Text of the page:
Received: by alpheratz.cpm.aca.mmu.ac.uk id WAA19536 (8.6.9/5.3[ref email@example.com] for cpm.aca.mmu.ac.uk from firstname.lastname@example.org); Wed, 28 Nov 2001 22:42:29 GMT Content-Type: text/plain; charset="iso-8859-1" From: "Philip A.E. Jonkers" <email@example.com> Organization: UC Berkeley To: firstname.lastname@example.org Subject: Re: Mutation and Selection Date: Wed, 28 Nov 2001 13:42:00 -0800 X-Mailer: KMail [version 1.2] References: <email@example.com> In-Reply-To: <firstname.lastname@example.org> Message-Id: <email@example.com> Content-Transfer-Encoding: 8bit Sender: firstname.lastname@example.org Precedence: bulk Reply-To: email@example.com
On Wednesday 28 November 2001 11:47 am, you wrote:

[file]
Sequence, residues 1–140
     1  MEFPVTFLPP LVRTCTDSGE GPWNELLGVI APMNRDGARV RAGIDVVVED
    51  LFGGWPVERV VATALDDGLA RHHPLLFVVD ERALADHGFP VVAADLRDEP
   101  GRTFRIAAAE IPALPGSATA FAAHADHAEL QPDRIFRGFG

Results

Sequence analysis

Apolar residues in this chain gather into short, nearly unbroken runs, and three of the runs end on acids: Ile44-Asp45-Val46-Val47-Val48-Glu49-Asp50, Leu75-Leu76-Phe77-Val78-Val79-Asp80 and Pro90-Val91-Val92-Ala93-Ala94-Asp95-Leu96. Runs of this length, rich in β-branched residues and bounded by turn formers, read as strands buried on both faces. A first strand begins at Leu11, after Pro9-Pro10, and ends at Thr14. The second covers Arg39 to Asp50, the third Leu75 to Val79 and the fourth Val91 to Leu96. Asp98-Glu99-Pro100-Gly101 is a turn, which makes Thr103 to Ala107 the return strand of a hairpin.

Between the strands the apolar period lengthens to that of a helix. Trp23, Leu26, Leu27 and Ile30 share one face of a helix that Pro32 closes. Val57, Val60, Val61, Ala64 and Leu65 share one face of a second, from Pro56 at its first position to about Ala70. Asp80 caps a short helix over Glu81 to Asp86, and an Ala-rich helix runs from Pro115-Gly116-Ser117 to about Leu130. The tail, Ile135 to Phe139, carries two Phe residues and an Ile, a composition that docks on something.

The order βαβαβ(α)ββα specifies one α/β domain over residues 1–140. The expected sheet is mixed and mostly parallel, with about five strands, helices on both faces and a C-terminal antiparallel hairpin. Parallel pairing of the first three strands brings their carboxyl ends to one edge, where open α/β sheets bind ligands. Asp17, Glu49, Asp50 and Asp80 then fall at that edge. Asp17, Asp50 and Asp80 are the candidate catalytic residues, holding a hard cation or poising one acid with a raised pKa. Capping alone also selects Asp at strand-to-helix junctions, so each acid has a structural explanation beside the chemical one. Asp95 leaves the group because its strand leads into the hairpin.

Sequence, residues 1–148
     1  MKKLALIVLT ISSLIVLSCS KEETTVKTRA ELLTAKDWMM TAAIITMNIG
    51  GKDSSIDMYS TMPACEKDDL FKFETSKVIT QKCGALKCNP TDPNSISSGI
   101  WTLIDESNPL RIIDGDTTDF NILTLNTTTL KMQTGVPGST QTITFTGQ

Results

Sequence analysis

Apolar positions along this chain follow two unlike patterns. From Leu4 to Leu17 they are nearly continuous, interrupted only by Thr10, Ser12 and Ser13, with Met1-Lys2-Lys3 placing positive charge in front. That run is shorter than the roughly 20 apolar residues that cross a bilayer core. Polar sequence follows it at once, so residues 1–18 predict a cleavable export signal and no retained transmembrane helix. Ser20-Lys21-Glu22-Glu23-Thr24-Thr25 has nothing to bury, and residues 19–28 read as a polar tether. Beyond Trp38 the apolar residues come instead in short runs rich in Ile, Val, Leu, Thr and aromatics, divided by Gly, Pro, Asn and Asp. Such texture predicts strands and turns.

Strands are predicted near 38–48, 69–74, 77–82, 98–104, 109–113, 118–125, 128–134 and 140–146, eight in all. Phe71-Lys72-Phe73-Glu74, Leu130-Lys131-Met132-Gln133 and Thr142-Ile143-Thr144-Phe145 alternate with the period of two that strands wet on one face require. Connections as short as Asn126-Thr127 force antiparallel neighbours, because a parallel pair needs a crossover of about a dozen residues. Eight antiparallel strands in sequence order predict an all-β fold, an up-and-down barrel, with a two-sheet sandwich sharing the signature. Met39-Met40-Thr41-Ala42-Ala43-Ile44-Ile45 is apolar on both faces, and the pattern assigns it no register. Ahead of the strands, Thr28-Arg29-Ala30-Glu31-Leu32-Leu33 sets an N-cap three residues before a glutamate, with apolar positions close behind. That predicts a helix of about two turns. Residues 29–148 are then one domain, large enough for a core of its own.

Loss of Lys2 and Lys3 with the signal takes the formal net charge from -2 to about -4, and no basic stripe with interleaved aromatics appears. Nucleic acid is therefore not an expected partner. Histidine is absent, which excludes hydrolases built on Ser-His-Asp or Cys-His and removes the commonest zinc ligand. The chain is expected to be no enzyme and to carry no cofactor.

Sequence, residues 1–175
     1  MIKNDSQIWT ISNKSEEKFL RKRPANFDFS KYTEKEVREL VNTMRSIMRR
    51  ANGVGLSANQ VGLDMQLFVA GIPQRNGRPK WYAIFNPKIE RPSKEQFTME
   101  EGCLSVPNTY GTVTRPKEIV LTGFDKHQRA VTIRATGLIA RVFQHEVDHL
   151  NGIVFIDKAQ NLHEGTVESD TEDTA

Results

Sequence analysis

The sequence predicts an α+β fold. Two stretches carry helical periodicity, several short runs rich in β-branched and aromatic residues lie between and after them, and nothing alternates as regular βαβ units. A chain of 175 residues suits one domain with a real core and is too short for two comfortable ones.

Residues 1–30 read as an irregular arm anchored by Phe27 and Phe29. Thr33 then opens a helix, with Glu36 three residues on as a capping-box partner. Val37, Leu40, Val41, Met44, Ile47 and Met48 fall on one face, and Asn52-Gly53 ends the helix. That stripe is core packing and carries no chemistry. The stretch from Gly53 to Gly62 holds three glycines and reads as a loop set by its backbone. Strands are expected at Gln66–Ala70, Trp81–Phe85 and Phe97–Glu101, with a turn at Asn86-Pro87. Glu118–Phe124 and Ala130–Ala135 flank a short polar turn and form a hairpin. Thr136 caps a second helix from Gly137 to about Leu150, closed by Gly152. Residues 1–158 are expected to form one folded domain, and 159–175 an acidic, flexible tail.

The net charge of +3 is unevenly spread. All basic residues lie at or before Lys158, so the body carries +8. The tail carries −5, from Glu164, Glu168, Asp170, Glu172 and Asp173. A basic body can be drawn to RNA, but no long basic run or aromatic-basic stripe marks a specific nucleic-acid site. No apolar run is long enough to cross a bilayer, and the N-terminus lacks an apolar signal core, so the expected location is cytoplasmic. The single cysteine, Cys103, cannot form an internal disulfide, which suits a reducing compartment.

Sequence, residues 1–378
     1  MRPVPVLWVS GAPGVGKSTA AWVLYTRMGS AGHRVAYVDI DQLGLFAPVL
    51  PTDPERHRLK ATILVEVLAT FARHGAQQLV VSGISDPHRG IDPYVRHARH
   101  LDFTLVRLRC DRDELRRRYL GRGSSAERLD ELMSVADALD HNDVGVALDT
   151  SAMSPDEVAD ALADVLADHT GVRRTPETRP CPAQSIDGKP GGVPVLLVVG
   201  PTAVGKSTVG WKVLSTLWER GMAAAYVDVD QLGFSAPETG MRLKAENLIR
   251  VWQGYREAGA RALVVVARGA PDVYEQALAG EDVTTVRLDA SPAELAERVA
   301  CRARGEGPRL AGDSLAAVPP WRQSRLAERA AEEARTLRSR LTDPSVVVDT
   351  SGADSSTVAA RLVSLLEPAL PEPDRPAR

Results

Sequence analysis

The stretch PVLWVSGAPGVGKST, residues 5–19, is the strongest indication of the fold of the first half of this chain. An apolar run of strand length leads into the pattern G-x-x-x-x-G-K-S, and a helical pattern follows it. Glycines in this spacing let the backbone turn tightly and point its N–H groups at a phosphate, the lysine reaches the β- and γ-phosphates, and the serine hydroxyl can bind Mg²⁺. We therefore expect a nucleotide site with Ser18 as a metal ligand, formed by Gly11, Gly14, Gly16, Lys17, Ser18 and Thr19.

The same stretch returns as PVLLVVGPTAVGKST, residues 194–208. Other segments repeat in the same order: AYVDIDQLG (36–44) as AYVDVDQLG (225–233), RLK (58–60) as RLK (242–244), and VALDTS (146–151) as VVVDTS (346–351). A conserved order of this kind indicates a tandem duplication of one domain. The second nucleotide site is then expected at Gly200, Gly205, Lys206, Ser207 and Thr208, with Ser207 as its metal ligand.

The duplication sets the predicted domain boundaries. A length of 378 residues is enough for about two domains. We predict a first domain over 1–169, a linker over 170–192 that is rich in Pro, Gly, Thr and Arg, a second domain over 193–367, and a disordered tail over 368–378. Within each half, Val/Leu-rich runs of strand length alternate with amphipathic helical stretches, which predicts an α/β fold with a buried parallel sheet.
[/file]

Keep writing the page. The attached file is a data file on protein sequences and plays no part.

> Hm i can kind of understand the "memes only in artefacts" point now.
> While it is not really complete (imho) it's the only view which is not
> unclear, confusing or cumbersome to use.
> So the next question is, if memes are only to be found in artefacts,
> where and how does mutation and selection of memes happen?
The brains do that, whether consciously or unconsciously,
and they will be the only entities capable of fulfilling that role until the
advent of artificial intelligent machines.
I do not second Gatherers view that memes are only found in artifacts.
We first should arrive at some consensus on what definition is
appropriate for the meme such that it also incorporates also
those synaptic configurations in the brain that ultimately give rise to
meme-artifacts. The definition I'm thinking of should incorporate that
most memes form not atomistic units (memes as units:
Dawkin's misleading fallacy), and do not have uniform representation
within the different brains (Gatherer's plausible point).
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